How to Use STAR in Your Key Selection Criteria Response
Applying for jobs can be an intimidating process, especially when selection criteria are involved. Using the STAR method (used to develop STAR selection criteria) is one of the easiest ways to simplify the process. Learn how to use it when responding to key selection criteria.
The STAR model
The model stands for Situation, Task, Action, Result:
- S = Situation. Explain the work situation.
- T = Task. Outline the task required, in light of the situation.
- A = Action. Demonstrate the action you took to complete the task.
- R = Result. Show the results of your action.
Using STAR will help you break down selection criteria into digestible information, ensuring that you respond to everything adequately and effectively. The STAR model also helps to illustrate the real-life evidence you have that proves you’re the right person for the job, rather than just saying you’re the right person for the job.
If you want to use the STAR model in your selection criteria response, follow these three simple steps:
1. Get the Facts Right
Read over the criteria while referencing your resume. Your resume should demonstrate the work experience you’re citing in your response, otherwise, your application won’t make sense. Additionally, be sure that your response fits into their required guidelines – some recruiters will request specific word counts and page limits, or ask you to format your response in a particular way.
Getting these details right is essential if you want your response to appropriately fit the brief. It will also demonstrate your attention to detail.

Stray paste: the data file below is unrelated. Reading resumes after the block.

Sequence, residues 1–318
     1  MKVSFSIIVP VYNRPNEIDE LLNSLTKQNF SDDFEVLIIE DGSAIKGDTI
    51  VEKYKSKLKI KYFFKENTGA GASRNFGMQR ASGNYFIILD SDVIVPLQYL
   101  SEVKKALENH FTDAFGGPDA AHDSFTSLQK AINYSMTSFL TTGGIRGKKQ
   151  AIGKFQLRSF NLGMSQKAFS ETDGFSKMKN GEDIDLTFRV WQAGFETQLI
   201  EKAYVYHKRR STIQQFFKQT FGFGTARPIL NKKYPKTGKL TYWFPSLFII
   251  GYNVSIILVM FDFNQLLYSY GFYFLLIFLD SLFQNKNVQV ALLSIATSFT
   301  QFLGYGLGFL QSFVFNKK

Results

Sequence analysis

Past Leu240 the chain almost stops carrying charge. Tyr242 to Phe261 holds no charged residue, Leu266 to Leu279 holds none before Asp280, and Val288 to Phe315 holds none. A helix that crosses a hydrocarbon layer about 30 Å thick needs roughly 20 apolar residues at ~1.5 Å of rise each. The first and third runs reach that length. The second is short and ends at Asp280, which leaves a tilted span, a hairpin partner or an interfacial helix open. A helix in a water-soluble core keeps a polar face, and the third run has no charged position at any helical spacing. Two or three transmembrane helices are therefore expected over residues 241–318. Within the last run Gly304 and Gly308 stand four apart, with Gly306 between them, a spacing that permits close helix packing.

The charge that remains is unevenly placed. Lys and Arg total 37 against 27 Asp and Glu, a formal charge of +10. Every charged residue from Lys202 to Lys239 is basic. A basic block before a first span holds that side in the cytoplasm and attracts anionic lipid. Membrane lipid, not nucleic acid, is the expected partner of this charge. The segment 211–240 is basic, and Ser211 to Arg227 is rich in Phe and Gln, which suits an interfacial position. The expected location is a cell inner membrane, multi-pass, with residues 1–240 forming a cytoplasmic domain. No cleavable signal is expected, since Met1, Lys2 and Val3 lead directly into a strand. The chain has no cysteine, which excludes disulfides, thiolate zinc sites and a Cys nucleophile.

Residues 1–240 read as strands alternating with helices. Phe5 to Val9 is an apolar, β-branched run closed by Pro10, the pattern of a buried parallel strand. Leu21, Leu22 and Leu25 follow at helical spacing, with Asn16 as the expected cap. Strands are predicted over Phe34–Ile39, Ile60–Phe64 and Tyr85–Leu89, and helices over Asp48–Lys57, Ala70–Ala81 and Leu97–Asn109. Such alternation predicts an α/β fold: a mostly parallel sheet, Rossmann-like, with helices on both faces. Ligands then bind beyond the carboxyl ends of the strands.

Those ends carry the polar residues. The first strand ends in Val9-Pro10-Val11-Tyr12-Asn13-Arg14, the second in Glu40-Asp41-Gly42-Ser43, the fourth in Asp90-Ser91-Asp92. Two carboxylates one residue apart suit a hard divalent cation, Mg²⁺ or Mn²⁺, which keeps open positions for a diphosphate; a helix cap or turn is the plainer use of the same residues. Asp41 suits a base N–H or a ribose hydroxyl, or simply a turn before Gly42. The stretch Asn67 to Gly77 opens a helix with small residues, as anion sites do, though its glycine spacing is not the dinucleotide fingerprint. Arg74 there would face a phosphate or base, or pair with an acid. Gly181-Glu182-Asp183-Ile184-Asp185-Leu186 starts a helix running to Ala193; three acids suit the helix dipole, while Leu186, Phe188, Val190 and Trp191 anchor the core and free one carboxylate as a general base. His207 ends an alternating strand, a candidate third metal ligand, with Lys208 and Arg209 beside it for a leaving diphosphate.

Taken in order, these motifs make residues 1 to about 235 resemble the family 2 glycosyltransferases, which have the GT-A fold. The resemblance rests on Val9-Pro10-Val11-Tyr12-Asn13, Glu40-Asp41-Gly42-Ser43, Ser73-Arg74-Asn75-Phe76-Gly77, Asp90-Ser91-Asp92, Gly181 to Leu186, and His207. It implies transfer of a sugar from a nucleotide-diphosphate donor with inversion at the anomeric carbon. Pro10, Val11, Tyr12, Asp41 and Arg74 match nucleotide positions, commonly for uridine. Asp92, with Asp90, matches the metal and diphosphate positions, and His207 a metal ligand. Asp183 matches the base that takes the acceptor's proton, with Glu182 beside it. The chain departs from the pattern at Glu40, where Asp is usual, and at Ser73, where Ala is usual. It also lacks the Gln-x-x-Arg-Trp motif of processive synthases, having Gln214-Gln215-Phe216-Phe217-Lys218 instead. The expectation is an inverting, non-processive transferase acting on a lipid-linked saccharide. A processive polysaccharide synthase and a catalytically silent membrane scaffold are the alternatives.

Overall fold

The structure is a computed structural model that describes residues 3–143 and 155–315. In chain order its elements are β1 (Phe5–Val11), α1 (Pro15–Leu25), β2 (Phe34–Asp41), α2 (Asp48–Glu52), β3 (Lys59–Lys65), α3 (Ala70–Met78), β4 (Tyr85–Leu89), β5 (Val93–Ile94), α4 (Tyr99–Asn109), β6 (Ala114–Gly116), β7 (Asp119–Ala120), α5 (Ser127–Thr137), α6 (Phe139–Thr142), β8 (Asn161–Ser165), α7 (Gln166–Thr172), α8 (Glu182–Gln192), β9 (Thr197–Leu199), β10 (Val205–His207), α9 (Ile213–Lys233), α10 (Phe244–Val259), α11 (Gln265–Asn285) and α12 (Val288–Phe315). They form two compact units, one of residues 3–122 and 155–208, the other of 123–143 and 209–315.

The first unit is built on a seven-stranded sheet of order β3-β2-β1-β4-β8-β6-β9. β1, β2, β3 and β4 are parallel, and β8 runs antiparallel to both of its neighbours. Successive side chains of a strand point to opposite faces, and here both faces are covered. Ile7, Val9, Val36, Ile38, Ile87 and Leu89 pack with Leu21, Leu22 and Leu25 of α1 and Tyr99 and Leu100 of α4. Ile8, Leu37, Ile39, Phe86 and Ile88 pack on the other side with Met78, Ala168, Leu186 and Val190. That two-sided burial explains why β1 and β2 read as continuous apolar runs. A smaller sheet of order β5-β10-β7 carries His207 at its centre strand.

2. Plan Your Response Using STAR
The best way to ensure that you use STAR correctly is to brainstorm your answers in advance, using relevant examples within the STAR model. Layout the situation you were in at a previous workplace, in reference to the selection criteria. Explain the task that arose in light of that situation, and then detail the action you took when you approached that task.
To conclude your answer, outline the result of your approach by discussing the benefits of your method overall. Planning out your answers according to STAR will help you break down the criteria in simple terms, and additionally, make sure that you use examples correctly and tick every single box for the position description.
3. Distinguish Yourself
There is one downside to the STAR model – its strict format. If every applicant is following the same method, every application is going to read exactly the same way. This means that the selection panel is going to be reading over many similar applications. If you follow the STAR model too strictly, your application won’t stand out.
While you should use STAR to cover all key points, be sure that you let your individuality shine by incorporating yourself into your response. Illustrate who you really are by incorporating specific examples of your real-life experience. While ticking every box is always important on a job application, so is individuality. Don’t get stuck in the limits of the STAR model and make sure you stand out.
Using STAR in your selection criteria response is a great way to make sure you’re clear. You only have so many words to get your point across, and it can feel tricky to say everything exactly right without missing some essential information.
Use the STAR method to make sure your work experience translates into your application perfectly.
How to Write Key Selection Criteria [+Templates]
Our Key Selection Criteria Hub can help you write the best possible answer that highlights your skillset to a potential employer.
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